Various Artists

1000 Nadelstiche, Vol. 10: Amerikaner & Briten Singen Deutsch (UK Girls)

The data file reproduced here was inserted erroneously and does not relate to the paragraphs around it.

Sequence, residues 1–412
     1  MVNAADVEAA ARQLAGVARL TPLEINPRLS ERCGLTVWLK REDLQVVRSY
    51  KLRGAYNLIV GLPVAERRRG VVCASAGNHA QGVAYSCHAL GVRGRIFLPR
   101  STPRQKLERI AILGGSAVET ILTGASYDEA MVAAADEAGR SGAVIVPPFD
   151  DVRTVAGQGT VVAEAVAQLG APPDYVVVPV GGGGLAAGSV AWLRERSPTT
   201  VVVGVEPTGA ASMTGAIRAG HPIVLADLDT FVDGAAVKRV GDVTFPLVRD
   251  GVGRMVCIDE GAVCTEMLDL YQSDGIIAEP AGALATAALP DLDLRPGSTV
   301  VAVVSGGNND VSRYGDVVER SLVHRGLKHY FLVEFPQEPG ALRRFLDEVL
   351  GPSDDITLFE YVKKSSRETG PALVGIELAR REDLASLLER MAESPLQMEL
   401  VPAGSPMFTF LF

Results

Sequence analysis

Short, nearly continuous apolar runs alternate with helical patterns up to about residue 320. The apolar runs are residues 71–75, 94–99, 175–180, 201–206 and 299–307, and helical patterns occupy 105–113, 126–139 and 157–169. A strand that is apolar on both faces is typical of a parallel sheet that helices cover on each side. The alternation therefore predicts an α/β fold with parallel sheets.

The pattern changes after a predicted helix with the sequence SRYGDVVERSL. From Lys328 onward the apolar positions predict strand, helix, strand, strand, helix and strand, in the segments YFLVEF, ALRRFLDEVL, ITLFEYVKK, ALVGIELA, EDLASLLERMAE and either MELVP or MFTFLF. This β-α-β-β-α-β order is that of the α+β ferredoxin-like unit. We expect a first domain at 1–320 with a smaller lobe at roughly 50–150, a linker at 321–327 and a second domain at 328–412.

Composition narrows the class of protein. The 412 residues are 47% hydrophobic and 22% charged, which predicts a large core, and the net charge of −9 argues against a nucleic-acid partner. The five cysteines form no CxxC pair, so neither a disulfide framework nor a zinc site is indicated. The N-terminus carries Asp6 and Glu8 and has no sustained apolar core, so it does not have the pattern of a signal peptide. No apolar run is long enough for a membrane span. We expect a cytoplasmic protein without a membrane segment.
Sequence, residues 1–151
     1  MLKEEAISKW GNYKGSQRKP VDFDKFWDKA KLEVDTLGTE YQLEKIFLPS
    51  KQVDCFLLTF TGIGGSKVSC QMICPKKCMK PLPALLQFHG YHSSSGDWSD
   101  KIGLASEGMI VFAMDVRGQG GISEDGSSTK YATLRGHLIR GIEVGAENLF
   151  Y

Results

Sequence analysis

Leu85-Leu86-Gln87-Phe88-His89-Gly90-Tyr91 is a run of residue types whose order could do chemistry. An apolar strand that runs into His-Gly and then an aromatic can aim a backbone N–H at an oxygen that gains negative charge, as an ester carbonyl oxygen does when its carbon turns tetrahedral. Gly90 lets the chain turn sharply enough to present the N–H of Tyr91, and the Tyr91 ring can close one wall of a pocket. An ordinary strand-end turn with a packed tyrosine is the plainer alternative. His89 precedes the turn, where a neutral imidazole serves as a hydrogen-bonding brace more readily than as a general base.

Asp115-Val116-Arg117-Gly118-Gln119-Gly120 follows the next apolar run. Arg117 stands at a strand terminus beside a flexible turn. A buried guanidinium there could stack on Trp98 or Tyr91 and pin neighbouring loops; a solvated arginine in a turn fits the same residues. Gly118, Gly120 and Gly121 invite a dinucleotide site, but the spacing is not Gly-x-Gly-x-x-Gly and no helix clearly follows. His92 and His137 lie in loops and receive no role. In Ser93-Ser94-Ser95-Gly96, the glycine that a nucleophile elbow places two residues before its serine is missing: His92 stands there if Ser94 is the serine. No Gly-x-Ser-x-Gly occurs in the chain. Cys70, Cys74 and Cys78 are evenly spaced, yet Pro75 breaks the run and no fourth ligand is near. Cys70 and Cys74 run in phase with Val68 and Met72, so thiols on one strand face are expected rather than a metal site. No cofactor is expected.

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As the mouthful-of-marbles title spells out, this is a mighty special-interest compilation: British girl singers (all from 1964-1968) recording in the German language. It sounds as if most of these are German versions of songs they'd already done in English, though it's likely at least some of them were recorded only for the German market; as the liner notes are entirely in German, it's not easy for English speakers to tell for sure. Dusty Springfield and Lulu are the only true big names represented on this 24-track compilation, though there are plenty of other artists who will be widely recognized due to their one or two big hits (Millie Small, a pre-fame Kiki Dee, Julie Rogers, the Caravelles). There are also a few artists who had one or two big U.K. hits without breaking the American market at all -- Twinkle, Susan Maughan, Jackie Trent -- and a bunch of singers who never had much success anywhere (like Sue & Sunny, Janie Marden, Cherry Roland, and the McKinley Sisters). As for the contents, the CD is of much greater value for filling in the libraries of hardcore collectors with mighty hard to get rarities than it is for the music itself. These singers, and songs, are much more effective in English than in German, though there's some novelty value to be had from hearing Springfield's "I Only Want to Be With You" and Small's "My Boy Lollipop" auf Deutsch. Too, it's clear that in some if not most cases the singers are just laying German vocals atop the same backing tracks used on the more widely circulated English-language versions, though frankly many of these songs weren't popular in any territory. Of most interest to British Invasion devotees, perhaps, is the presence of two rather bland 1966 Lulu songs ("Wenn Du Da Bist" and "So Fing Es An") that make their first appearance on CD here. Millie Small is quite well represented, with four tracks, including not only a German "My Boy Lollipop" but also a German translation of her smaller hit "Sweet William." Otherwise, none of the songs sound like they would be too great even in their English counterparts, though most of them have the characteristics common to women-sung British Invasion music, mixing American girl group influences with a more British-European sort of orchestral production and pop melodies -- Cherry Roland certainly sounds like she's trying her best to emulate the most bombastic mid-'60s Dusty Springfield tracks on "Was Ist Gold, Was Ist Geld," for instance.